How we met:
MIKE MUGALA, Lusaka
MIYOBA Sumaili could not believe it when Angela Mbewe agreed to his marriage proposal twelve years ago.
Miyoba met Angela at Africa Directions Recreation Centre in Mtendere township in 2002, when they were attending a Zambia card-making workshop. Upon setting his eyes on her, he was struck by her beauty and started to develop interest in her.
“She looked beautiful and made my heart beat. I did not hesitate to greet her. She was close to my friend, Joseph Mubanga, so I confided in him and told him that I liked Angela and wanted a relationship with her,” he said.
It took Miyoba two weeks to tell Angela that he liked her from the first time the two greeted. From there, he started making frequent visits to her home with the support of his friend, Joseph.
Though Angela was hesitant to accept his proposal because she had just completed her secondary education and wanted to go to college, Miyoba did not give up his pursuit.
As a way of winning her heart, Miyoba told Angela that he was willing to take her to college when they got married. The pair traditionally got married in 2004 and the same year, she went to pursue a career in teaching at Copperbelt Secondary Teachers’ College (COSETCO) in Kitwe.
Miyoba gave Angela his Automated Teller Machine (ATM) card and started depositing his monthly salary as a way of showing commitment and fulfilling his promise.
“Most of the family members and friends started laughing at me when I gave my ATM card to my wife. They told me that she was going to leave me for another man when she completes her teaching course, but that did not bother me because I trusted and loved so much,” he said.
Now with five children and 12 years in marriage, Miyoba has learnt that good communication and understanding are vital in marriage.
He observed that every marriage has its own problems but a couple must be willing to sit down together and discuss.
Miyoba said people must not publicise their marital problems to their friends because this can contribute to breaking a marriage.
“Marriage is something that is fun and nice, it makes a man complete. I feel like part of my body is missing whenever my wife is not around. Love conquers everything, I don’t believe that marriage is a ‘shipikisha club’ as purported by some people,” he explained.
Miyoba has described his wife as a caring, loving, kind, and responsible woman and he loves his family.
He noted that some of the marriages break down because couples rush into them.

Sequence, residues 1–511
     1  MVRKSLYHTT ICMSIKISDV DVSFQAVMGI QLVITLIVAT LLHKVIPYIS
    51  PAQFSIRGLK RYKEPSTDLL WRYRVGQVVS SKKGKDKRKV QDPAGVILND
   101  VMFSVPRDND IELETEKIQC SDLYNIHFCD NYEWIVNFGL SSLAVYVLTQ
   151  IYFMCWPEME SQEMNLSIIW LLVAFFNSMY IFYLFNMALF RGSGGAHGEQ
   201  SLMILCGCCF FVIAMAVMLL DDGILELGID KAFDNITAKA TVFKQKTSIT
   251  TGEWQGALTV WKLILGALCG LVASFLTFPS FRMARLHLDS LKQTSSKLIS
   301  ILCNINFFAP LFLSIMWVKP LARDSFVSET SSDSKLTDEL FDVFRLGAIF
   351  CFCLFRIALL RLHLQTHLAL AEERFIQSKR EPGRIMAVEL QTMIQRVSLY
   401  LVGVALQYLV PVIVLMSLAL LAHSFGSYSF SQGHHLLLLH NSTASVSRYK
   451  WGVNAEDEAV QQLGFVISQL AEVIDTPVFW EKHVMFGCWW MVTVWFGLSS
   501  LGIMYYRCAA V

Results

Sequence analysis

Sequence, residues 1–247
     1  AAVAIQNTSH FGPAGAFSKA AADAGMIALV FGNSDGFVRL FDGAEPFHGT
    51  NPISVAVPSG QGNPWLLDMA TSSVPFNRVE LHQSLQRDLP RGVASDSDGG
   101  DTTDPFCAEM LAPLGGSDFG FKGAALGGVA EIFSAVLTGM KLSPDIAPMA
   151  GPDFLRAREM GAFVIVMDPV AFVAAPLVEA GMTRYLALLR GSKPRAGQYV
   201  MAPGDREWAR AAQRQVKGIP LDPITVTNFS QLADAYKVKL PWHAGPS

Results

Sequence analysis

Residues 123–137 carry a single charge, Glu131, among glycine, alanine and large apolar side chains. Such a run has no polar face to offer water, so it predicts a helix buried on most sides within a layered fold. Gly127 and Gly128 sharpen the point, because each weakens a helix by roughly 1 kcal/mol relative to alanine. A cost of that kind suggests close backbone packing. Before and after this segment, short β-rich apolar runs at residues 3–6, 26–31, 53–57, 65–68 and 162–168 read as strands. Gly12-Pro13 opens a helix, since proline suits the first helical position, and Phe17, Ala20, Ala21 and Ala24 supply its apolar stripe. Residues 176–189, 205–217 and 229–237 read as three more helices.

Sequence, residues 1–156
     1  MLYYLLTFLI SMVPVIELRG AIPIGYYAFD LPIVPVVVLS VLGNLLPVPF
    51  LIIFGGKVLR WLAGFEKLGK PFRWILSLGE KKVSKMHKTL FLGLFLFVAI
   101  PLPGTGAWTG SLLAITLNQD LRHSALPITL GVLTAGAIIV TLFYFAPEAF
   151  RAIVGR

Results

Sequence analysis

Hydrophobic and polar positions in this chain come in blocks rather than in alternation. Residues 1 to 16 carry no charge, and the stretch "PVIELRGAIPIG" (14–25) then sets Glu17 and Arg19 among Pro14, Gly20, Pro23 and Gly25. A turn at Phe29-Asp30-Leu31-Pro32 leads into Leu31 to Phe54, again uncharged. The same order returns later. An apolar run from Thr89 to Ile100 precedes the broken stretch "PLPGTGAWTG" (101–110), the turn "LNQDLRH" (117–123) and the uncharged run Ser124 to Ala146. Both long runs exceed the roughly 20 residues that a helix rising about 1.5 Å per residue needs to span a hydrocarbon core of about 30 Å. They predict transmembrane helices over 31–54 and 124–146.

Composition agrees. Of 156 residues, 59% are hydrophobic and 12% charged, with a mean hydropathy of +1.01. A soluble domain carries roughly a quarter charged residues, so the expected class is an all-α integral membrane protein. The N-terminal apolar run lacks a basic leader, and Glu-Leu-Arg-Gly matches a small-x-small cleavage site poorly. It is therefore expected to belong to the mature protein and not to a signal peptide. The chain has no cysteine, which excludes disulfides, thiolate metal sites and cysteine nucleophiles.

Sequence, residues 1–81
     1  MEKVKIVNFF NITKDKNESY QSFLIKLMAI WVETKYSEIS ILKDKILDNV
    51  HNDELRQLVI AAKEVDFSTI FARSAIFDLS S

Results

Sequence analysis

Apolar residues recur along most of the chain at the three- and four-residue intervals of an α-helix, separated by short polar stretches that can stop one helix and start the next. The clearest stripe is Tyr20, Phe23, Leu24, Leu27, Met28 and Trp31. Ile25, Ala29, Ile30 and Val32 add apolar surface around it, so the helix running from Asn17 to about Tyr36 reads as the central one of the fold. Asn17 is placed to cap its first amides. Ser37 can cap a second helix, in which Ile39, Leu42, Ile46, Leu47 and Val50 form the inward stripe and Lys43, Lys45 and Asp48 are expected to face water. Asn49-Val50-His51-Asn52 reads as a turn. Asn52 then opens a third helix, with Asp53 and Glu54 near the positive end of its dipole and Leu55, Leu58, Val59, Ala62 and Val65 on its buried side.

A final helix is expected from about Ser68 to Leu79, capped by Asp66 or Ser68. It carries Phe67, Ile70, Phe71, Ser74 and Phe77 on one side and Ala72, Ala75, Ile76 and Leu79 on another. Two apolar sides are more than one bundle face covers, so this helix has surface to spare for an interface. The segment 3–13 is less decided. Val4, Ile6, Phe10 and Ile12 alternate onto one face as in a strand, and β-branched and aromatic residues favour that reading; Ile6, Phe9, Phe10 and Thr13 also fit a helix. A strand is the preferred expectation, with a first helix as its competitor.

Miyoba is of the view that the advancement in technology has negatively impacted on some marriages.
“Young people getting married nowadays have lost respect for elders and behave as if they know everything. Respect for elders plays a huge role in upholding a marriage. People must take keen interest in knowing their partner’s background before they go into marriage,” he said.
Angela did have an idea that Miyoba was interested in her the first time they met.
She only began to have an idea after he started visiting her home once every week.
She hesitated to accept his proposal as she thought he was not serious.
“I thought he was joking when he said he was interested in me. I only accepted him the fourth time. I only started liking him when we got close and it was from here that my love for him began to grow,” Angela narrated.
Angela said some of her friends were against her relationship with Miyoba, but she did not give up her love for him.
Experience has told her that it is always important for people in a relationship to adjust and understand what their partner wants.
Angela said though it is somehow challenging to live with someone you have never grown up with, people must know the strengths and weaknesses of their partner.
“No marriage is the same. People must not compare their marriage to that of their friend but learn to resolve their own affairs. Material things are not important in marriage, people must love and embrace their partner for a marriage to work,” she said.
She has advised women to always play their roles in marriage and not live everything to their maids, despite their social status.
Angela has described her husband as her pillar and source of strength in times of difficulty.
“I would like to thank my husband for the support that he has offered to me. He took me to school and I now have a degree in secondary teaching. Men must always support their wives so that they become financially independent,” she said.
The couple lives in Kamwala. Miyoba is an actor and head for administration and logistics at Africa Directions while Angela is a teacher at Arakan Girls’ Secondary School.